3. Volunteer dashboard

Your volunteers are crucial to your success, and a volunteer dashboard visualizes everything volunteer-related so you can keep things running and keep your volunteers happy. Metrics might include total volunteers, volunteer retention (average time within your organization), volunteer training time, and more.

4. Impact dashboard

An impact dashboard is a type of business intelligence (BI) dashboard that visually communicates your organization’s value to key stakeholders. It often includes impact reach, which measures how well an organization’s programs and services are reaching the target population. Other metrics might include program outcomes and community impact.

5. Management dashboard

Dashboards are useful tools for external stakeholders, but staff members can also benefit from all those insights. Creating a dashboard for managers can help your directors and supervisors access valuable information with a click. With knowledge of high-level, organization-wide trends, they can be good managers as well as good leaders.

6. Annual report dashboard

For the annual report of your dreams, you want to build a narrative around your data, balancing hard numbers with moving stories from the field. An annual report dashboard allows you to tell the full visual story of everything happening across your organization. Then, when the time comes to send it out to donors, board members, and other stakeholders, you have all those key metrics at the ready.  

7. Project management dashboard

If you have separate programs or larger projects, it can be helpful to create a clean and branded visual representation of each one as a project management tool. If your organization uses a project management platform, you can use the native dashboards where the data live. Then, you can analyze key metrics by project and deliver the right data to the right people. If you really want to get into it and maximize efficiency, you can include things like time per task ratio to keep everything on track.

8. Website analytics dashboard

Your website holds a ton of powerful data, plus it's your donation gateway, but without a dashboard, only the software engineers have access to it. Extract that data from Google Analytics, shine it up, and share it with key stakeholders and staff members to give a high-level overview of web performance metrics, like traffic, bounce rate, and session duration. Then, use those takeaways to organize your site in a way that allows users to navigate (and donate!) with ease.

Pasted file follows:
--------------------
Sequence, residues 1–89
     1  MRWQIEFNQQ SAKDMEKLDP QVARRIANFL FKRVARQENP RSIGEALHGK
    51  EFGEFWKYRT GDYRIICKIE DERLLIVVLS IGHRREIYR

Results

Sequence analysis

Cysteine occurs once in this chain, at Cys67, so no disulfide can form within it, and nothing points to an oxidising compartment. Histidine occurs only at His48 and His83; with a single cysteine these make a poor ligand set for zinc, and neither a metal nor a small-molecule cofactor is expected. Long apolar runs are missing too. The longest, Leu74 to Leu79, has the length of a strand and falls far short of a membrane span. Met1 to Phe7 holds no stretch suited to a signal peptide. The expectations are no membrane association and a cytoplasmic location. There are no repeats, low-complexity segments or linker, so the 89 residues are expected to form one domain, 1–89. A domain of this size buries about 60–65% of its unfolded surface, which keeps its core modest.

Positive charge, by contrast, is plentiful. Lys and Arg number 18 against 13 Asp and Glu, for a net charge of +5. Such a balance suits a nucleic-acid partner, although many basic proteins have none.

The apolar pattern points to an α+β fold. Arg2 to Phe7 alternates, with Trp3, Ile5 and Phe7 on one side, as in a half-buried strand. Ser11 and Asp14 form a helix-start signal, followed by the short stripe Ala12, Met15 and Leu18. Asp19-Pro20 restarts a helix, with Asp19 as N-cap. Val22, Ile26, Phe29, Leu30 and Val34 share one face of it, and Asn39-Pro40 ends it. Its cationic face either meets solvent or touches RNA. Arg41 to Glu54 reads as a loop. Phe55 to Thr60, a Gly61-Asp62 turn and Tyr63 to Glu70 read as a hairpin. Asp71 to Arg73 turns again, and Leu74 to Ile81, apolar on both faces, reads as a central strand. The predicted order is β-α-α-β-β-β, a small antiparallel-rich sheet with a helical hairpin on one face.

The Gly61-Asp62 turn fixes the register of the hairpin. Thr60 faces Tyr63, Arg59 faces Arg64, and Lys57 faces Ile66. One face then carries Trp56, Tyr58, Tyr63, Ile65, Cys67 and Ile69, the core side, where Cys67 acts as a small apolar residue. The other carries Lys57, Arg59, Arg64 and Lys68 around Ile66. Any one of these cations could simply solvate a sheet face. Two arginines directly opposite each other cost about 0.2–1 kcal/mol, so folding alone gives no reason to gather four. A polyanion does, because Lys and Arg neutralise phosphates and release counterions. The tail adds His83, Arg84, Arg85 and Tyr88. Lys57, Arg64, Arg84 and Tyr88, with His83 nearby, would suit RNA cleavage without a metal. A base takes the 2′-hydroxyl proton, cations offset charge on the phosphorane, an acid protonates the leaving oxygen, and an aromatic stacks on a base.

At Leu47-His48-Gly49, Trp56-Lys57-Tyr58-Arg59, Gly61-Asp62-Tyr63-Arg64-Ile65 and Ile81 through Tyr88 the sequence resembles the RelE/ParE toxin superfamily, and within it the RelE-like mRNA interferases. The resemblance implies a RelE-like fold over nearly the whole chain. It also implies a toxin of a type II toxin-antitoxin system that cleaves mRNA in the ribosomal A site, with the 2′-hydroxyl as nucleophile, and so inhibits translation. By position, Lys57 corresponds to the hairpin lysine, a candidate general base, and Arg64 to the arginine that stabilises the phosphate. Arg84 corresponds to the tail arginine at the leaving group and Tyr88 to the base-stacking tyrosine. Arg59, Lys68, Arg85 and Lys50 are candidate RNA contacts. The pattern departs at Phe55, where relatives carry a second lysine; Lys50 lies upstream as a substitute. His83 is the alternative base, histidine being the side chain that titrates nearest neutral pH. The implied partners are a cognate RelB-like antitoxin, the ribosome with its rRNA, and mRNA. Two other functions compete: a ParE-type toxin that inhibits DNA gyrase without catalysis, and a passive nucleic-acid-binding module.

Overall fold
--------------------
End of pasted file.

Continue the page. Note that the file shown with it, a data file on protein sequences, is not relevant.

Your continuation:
9. Platform-specific dashboard

In addition to tracking web performance, you can analyze various metrics across social media platforms. In fact, many platforms already include a dashboard. For example, on LinkedIn, you can view your search appearances, post views, and profile views. And on Instagram, you can explore key insights, like how many accounts you've reached.

10. Event dashboard

Fundraising events require a lot of work. After it’s all over, you want to know if it was worth those long hours and that big investment. By analyzing your events, you can see what types of events were the most popular, what auctions items paid off, and what demographics showed up. Then, use your dashboard to present your findings to your events committee so they can plan for bigger crowds ahead.

9 things to include in a dashboard for nonprofits

There are many, many possibilities when it comes to a dashboard for nonprofits. Depending on your organization’s specific needs, there will be different KPIs and different priorities, and you’ll organize them in different ways and update them at regular intervals. But the job of every dashboard is to deliver critical information to allow users to identify trends over time and evaluate organizational impact. And that means they all have a bunch of stuff in common. Consider including the following:

1. Clear KPIs and metrics

KPIs may sound like tech-y jargon, but they’re crucial to creating dashboards that are useful and relevant. Choose these metrics wisely, taking into account your organization's definition of success and how different metrics reflect progress toward your goals. Useful performance indicators might include financial, strategic, programmatic, governance, and/or operational metrics.

2. Graphs and charts

Your dashboard should include data visualizations in multiple, easily accessible formats so that everyone gets the gist of things with a glance. Line graphs, bar charts, pie plates (oops, we mean charts! We just really want pie.) … you want to visualize organizational performance clearly, choosing colors that are distinct. This provides the full visual story needed to inform decision making.

3. High-quality data

Not all data is created equal, so ensure you have the latest and greatest data (i.e., data that’s fully up-to-date and accurate). Check for duplicate data, update everything carefully, and visit with other departments to ensure you’re including everything you need. Pro tip: By using consistent data that connects with your CMS, you can ensure you’re always using the latest data and avoid errors due to manual entry.

4. Target audience

For any dashboard, it’s important to consider your audience. Who’s going to use it and what will they be using it for? This will inform your metrics, goals, and formatting. Additionally, you should consider where your audience will be viewing the content. If it’s going out to your volunteers, it needs to be mobile-friendly. If you’re presenting it to staff at an all-hands meeting, however, it should be tailored for the presentation.